Research in the Planetary Science Group

Cosmochemistry and the History of the Solar System

We seek to elucidate chemical and physical processes in the solar nebula through the study of extraterrestrial materials. Experiments in high-temperature furnaces are designed to constrain the melting kinetics of meteoritic minerals. Hydrogen, sulfur and oxygen isotope ratios of minerals constrain element reservoirs in meteorite parent bodies, Mars and teh Moon. Observations of exosolar systems are used to shed light under formation conditions of our own.

Young Stars and their Proto-planetary Disks

The raw material for planet formation comes from flattened disks of gas and dust orbiting young stars.  As planetary systems evolve, they interact with their natal material.  A program to monitor fields in young clusters with a CCD attached to the Perkin telescope has been in place at Van Vleck Observatory since 1991. We concentrate on regions in or near the Orion Nebula cluster and in NGC 2264. Recently, these surveys have led to the discovery of a unique star, KH 15D, that appears to be surrounded by a clumpy circumstellar disk.  Ongoing research at Wesleyan also measures the gas and dust in circumstellar disks using radio telescopes.  Studying the disks gives us insight into how and when in the lifetime of a star planets might form, and can tell us what types of planets and systems are commonly formed (e.g., is our own solar system typical?).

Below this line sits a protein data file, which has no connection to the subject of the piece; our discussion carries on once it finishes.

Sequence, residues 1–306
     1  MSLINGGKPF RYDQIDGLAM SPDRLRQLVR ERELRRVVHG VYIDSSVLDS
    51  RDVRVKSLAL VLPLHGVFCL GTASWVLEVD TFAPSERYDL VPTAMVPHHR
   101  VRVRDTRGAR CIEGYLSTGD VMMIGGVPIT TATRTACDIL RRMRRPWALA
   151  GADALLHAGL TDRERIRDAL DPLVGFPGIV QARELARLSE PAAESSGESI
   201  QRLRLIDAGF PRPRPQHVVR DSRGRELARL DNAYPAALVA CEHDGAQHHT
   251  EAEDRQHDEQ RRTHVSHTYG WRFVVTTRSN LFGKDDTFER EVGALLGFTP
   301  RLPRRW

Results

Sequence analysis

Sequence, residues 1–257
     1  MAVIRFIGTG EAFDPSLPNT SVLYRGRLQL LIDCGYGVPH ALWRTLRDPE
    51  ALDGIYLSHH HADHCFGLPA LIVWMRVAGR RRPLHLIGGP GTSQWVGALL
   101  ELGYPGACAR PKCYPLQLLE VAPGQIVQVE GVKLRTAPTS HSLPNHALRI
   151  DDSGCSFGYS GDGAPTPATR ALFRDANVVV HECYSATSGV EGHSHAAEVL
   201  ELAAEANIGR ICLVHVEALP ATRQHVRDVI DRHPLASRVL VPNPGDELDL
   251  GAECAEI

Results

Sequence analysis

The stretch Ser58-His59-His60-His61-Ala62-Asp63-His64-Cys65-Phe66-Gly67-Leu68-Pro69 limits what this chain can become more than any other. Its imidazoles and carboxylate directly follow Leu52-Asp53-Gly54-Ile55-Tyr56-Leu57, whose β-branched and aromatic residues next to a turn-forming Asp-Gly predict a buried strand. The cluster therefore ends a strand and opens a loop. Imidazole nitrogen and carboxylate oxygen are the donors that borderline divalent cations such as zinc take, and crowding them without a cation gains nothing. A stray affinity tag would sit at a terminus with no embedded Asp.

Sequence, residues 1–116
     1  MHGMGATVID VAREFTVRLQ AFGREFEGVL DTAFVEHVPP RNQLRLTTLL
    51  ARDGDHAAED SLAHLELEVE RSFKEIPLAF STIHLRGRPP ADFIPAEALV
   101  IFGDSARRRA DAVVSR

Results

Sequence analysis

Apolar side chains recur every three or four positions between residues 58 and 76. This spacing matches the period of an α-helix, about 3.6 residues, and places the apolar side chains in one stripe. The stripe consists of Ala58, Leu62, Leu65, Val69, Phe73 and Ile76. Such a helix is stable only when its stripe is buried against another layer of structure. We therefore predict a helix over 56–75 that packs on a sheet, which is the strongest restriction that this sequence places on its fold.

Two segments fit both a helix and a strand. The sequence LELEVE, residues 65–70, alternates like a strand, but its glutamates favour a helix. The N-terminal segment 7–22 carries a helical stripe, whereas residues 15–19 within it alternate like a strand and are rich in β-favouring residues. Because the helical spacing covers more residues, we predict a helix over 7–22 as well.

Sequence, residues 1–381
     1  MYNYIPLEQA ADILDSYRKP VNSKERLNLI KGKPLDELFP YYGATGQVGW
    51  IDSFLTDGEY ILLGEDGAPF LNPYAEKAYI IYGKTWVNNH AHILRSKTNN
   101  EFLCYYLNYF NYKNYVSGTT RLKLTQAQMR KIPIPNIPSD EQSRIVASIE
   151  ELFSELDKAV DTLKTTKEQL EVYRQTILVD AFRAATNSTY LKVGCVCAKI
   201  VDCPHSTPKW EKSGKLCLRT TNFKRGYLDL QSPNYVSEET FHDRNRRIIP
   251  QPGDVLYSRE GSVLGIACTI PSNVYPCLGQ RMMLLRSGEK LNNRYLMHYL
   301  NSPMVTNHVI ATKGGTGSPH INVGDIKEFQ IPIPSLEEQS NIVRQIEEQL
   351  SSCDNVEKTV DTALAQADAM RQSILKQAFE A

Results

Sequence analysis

Transiting Exoplanets

The Wesleyan Transiting Exoplanet Project (WesTEP) utilizes the on-campus 24-inch Perkin Telescope to observe the light curves of stars as their planets transit, and the largest telescopes in the world to take spectra of the transiting exoplanet's atmosphere.

Planetary Geology and Mineralogy

This work includes fundamental mapping of the planets, notably Venus and Mars. A PG&G- funded project examines the structural evolution of venusian highlands using geologic mapping and geophysical modeling. We are also examining mineral deposits associated with ancient and modern water-rich landforms on Mars through mapping and hyperspsctral data analysis as well as modeling and spectral characterization of evaporite systems in the lab.

Limits of Life - Biogeochemistry and the Local Interstellar Medium

This research in the laboratory and analogue field sites (e.g., St. Lucia, Argentina) emphasizes the study of the habitat, energy pathways, and geochemical imprint of extremophiles with application to martian environments.  Spectra of the nearest stars are analyzed in order to reconstruct a three-dimensional morphological model of the gas and dust in our immediate cosmic neighborhood.

Planetary Mission Planning

How can we maximize data return from rovers at Mars? With colleagues at JPL, we are developing software to help rovers and orbiters recognize minerals of geologic interest in vis/NIR spectra autonomously. We actively participate in Venus mission planning through VEXAG and the Decadal Survey.

Environmental Remote Sensing

The interpretation of remotely sensed images is the foundation of planetary mapping and mineralogy and is a powerful tool for the examination of environmental change on the Earth. An EPA-funded project with UConn seeks to monitor the distribution and health of marshes around Long Island Sound using using Landsat, ASTER, Quickbird, and in situ spectroscopy. Similar techniques are used to evaluate the possibility of detecting stress in plants due to heavy metal contamination in western CT and monitoring red tide species in Long Island Sound.